Mitogenic effect of platelet-derived growth factor in human glomerular mesangial cells: modulation and/or suppression by inflammatory cytokines

Clin Exp Immunol. 1991 Nov;86(2):334-41. doi: 10.1111/j.1365-2249.1991.tb05819.x.

Abstract

Glomerular mesangial cell proliferation constitutes a frequent pathological alteration in glomerulonephritis. In addition to platelet-derived growth factor (PDGF) inflammatory cytokines such as IL-1, IL-6 or tumour necrosis factor-alpha (TNF-alpha) have been proposed to have mitogenic activity for mesangial cells. A model was therefore established in which human mesangial cells (HMC) could be reversibly growth-arrested for prolonged times in serum-free medium without suffering irreversible functional or morphological changes. In this model 24 h stimulation with rhPDGF-BB induced an increase of the 3H-thymidine incorporation of 1190 +/- 280 (50 ng/ml) % +/- s.e.m. of medium control. Less growth induction was noted after stimulation with 50 ng/ml rhPDGF-AB (925 +/- 126%) or rhPDGF-AA (575 +/- 24%). Northern analysis confirmed the presence of both alpha- and beta-PDGF receptor subunit mRNA in growth-arrested HMCs. rhIL-1 alpha, rhIL-1 beta, rhTNF-alpha or rhIL-6 at various doses and times, despite increasing cellular PGE2-release, did not induce significant proliferation in HMCs. Inhibition of PGE2-release did not change the lack of mitogenicity of IL-1, TNF-alpha or IL-6. IL-6 did not alter the mitogenic response of the cells towards PDGF. In contrast, both IL-1 alpha and IL-1 beta (5 ng/ml) induced a delay but not augmentation of the PDGF growth response. This delay could be reversed by the concomitant addition of recombinant IL-6 or of anti-IL-1 antibody but not by inhibition of prostaglandin synthesis. High doses of TNF-alpha suppressed PDGF-induced proliferation. These data suggest that in growth-arrested HMCs inflammatory cytokines have a growth-modulating or -suppressive rather than (co-)mitogenic effect while PDGF-BB and -AB and to a lesser degree PDGF-AA are potent mitogens. The findings support the notion that the control of HMC proliferation in pathological situations depends on a complex network of interacting stimuli.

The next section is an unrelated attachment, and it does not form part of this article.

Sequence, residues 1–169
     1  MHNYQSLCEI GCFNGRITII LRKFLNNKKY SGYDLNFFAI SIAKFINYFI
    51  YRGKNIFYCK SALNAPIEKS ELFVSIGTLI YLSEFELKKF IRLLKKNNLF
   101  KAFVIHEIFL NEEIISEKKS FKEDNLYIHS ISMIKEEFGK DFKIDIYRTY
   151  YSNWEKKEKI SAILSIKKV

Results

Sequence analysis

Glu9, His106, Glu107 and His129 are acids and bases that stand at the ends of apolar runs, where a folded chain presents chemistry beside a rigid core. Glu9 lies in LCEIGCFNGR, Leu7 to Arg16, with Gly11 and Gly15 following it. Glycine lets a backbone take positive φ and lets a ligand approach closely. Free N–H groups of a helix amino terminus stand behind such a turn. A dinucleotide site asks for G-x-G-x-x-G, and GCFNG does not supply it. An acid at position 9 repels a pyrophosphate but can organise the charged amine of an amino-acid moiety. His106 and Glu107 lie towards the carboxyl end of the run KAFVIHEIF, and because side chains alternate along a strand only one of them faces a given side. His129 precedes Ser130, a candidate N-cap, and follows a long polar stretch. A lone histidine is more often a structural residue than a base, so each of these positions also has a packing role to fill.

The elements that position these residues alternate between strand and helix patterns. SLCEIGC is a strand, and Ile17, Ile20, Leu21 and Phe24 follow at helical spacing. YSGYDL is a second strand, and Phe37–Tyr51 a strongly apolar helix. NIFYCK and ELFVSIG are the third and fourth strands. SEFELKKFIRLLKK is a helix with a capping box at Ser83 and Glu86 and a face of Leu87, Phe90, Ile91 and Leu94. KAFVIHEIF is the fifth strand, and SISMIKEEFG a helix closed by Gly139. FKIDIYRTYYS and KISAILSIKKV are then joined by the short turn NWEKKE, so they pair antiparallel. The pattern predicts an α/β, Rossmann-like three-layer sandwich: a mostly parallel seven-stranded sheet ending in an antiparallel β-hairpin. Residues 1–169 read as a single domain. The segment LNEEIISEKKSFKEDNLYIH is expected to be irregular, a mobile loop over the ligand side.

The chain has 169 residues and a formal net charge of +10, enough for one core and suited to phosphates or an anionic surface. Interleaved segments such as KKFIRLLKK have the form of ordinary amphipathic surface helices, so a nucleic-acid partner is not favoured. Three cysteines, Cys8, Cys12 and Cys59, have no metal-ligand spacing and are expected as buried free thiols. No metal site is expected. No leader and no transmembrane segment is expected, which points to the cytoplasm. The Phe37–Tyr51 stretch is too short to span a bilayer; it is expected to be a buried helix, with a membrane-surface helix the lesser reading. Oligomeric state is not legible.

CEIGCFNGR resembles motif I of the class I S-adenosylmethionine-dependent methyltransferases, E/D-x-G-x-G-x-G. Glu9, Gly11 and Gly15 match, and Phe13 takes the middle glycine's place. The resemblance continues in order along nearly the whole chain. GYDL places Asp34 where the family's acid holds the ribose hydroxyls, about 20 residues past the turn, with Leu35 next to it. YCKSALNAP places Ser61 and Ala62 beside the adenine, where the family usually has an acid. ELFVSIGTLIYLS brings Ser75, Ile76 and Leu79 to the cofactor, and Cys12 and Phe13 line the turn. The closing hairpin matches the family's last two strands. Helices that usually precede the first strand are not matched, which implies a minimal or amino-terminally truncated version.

Publication types

  • Research Support, Non-U.S. Gov't
  • Research Support, U.S. Gov't, P.H.S.

MeSH terms

  • Blotting, Northern
  • Cell Division / drug effects
  • Cell Survival
  • Culture Media, Serum-Free
  • Cytokines / pharmacology*
  • Gene Expression
  • Glomerular Mesangium / cytology*
  • Humans
  • In Vitro Techniques
  • Inflammation / physiopathology
  • Interleukins / pharmacology
  • Platelet-Derived Growth Factor / antagonists & inhibitors
  • Platelet-Derived Growth Factor / pharmacology*
  • RNA, Messenger / genetics
  • Receptors, Cell Surface / genetics
  • Receptors, Platelet-Derived Growth Factor
  • Recombinant Proteins
  • Tumor Necrosis Factor-alpha / pharmacology

Substances

  • Culture Media, Serum-Free
  • Cytokines
  • Interleukins
  • Platelet-Derived Growth Factor
  • RNA, Messenger
  • Receptors, Cell Surface
  • Recombinant Proteins
  • Tumor Necrosis Factor-alpha
  • Receptors, Platelet-Derived Growth Factor